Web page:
10 Sunday Reads

My easy like Sunday morning reads:

• Buybacks and Debt (Investor Field Guide)
• Poor people are getting terrible investment advice (Quartz)
• Gentlemen May Prefer Bonds, But More Traders Take Stocks (WSJ)
• Podcast: Wall Street’s Just One Big Bloomberg Chat (FiveThirtyEight)
• Sex In 2050: More Robots, Less Humans (Daily Beast)
• Seattle, in Midst of Tech Boom, Tries to Keep Its Soul (NYT)
• The Cyber Activists Who Want to Shut Down ISIS: Somewhere in Europe, a man who goes by the name “Mikro” spends his days and nights targeting Islamic State supporters on Twitter. (The Atlantic)
• Opposition to legal abortion takes magical thinking and a lack of logic (The Guardian) see also Whatever you think of Planned Parenthood, this is a terrible and dishonest chart (Vox)
• What people in 1900 thought the year 2000 would look like (Wonkblog)
• New Horizons Finds Blue Skies and Water Ice on Pluto (NASA)

What are you reading?

Property Taxes as % of Total Value of Homes

Source: The Economist




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  1. romerjt commented on Oct 11

    Given the inability or purpose of Chaffez and the right wing more generality to understand / infer what numbers actually mean . . . .can’t wait to see their explanation of the lake of a Soc Sec, COLA this year mostly due to drop in the price of oil. It’s all Obama’s fault?

  2. Jojo commented on Oct 11

    And adults, I assume.
    Eating Organic Lowers Pesticide Levels in Children
    By Nicholas Bakalar
    October 8, 2015

    Researchers have found that when children eat organic fruits and vegetables, the amount of pesticides in their bodies declines significantly.

    Most organophosphorus pesticides have been phased out for residential use, but they are still widely used in agriculture. High doses in agricultural workers can be deadly.

    The study, in the October issue of Environmental Health Perspectives, included 20 children living in Oakland, Calif., and 20 in the agricultural community of Salinas, about 100 miles south. The children ate a conventional diet for four days, an organic diet for seven days and then five days back on the conventional diet



  3. Jojo commented on Oct 11

    It can be critically important to get the right diagnosis.
    Is It Alzheimer’s, or A.D.H.D.?
    By Judith Berck
    September 28, 2015

    The 73-year-old widow came to see Dr. David Goodman, an assistant professor in the psychiatry and behavioral sciences department at Johns Hopkins School of Medicine, after her daughter had urged her to “see somebody” for her increasing forgetfulness. She was often losing her pocketbook and keys and had trouble following conversations, and 15 minutes later couldn’t remember much of what was said.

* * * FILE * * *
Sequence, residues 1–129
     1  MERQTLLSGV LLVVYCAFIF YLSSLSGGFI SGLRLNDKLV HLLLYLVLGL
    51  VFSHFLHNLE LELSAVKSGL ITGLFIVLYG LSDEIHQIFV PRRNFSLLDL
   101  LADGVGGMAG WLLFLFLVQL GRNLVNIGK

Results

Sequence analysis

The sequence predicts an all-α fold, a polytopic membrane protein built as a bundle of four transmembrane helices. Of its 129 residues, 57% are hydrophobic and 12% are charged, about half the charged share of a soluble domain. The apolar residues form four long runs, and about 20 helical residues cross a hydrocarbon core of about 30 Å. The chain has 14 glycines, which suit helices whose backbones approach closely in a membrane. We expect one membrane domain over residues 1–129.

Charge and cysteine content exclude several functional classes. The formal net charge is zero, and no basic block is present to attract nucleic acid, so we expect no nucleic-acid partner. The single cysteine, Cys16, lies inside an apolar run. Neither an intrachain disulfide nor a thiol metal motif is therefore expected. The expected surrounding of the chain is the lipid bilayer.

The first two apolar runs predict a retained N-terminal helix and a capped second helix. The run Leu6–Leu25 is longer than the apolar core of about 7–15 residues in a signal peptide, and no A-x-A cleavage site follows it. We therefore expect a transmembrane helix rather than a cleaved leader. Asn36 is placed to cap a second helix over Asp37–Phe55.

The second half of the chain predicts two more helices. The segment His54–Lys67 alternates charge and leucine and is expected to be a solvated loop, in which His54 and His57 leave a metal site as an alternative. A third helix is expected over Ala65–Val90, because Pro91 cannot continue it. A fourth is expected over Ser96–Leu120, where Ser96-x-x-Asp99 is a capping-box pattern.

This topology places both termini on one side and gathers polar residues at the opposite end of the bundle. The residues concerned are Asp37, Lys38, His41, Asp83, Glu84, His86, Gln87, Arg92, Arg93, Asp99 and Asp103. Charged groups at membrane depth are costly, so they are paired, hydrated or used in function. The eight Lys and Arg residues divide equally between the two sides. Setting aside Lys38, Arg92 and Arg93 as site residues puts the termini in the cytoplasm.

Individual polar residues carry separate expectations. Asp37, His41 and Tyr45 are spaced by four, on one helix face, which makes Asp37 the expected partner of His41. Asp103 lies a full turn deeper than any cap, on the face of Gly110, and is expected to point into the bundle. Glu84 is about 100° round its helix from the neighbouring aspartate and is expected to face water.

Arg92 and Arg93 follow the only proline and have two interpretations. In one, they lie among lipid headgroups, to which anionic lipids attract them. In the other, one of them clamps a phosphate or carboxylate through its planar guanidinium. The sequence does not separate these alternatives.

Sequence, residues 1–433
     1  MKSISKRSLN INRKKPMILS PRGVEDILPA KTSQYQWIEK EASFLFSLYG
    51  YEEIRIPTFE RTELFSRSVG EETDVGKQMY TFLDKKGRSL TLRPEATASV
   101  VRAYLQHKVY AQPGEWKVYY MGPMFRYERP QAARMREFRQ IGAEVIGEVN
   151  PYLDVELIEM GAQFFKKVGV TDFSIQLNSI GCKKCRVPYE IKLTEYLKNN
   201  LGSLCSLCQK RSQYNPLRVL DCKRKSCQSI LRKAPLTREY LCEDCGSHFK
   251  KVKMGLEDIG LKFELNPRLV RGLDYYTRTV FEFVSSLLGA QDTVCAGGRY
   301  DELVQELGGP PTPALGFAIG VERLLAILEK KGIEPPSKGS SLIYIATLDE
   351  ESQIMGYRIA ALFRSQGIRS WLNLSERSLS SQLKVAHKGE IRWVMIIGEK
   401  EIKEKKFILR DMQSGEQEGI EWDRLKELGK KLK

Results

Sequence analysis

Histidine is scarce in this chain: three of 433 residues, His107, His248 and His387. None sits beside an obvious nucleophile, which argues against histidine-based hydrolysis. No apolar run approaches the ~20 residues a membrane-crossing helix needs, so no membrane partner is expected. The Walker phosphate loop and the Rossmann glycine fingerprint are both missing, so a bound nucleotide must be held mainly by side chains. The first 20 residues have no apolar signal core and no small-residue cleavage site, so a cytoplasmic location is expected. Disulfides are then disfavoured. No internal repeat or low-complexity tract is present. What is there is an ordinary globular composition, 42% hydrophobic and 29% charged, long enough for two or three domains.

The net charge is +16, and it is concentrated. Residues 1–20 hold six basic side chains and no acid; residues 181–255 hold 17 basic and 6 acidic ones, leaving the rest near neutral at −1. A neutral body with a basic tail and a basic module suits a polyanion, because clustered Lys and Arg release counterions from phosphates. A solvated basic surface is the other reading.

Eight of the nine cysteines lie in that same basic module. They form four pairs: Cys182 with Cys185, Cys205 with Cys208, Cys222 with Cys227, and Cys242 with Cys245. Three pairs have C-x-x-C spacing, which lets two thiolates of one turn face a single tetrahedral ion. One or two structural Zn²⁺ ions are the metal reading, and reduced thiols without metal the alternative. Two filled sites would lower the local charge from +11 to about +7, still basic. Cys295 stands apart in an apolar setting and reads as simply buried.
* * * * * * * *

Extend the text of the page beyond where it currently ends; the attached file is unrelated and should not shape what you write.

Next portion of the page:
But he did not think she had early Alzheimer’s disease. The woman’s daughter and granddaughter had both been given a diagnosis of A.D.H.D. a few years earlier, and Dr. Goodman, who is also the director of a private adult A.D.H.D. clinical and research center outside of Baltimore, asked about her school days as a teenager.

    “She told me: ‘I would doodle because I couldn’t pay attention to the teacher, and I wouldn’t know what was going on. The teacher would move me to the front of the class,’?” Dr. Goodman said,

    After interviewing her extensively, noting the presence of patterns of impairment that spanned the decades, Dr. Goodman diagnosed A.D.H.D. He prescribed Vyvanse, a short-acting stimulant of the central nervous system.

    A few weeks later, the difference was remarkable. “She said: ‘I’m surprised, because I’m not misplacing my keys now, and I can remember things better. My mind isn’t wandering off, and I can stay in a conversation. I can do something until I finish it,’?” Dr. Goodman said.



  4. RW commented on Oct 11

    If everyone was competent and civil there would be a lot less work to do. Just a thought.

    “Your Mom Isn’t Here” Jobs…
    We grow things–but fewer and fewer of us do. We make things–but fewer and fewer of us do. We provide personal services–non-information and information. What else do we do?

    It strikes me that a huge proportion of jobs these days are really “your mom isn’t here!” jobs.

    What proportion of jobs wouldn’t it be necessary if people would only behave–if people would reliably and properly drop the money they owe into the jar, would clean up if they spilled something, leave the place in the clean state it was when they arrived, would not break machines by trying to operate them when they do not understand them, and so on?

    “Civilization is a place to hang the broom.”

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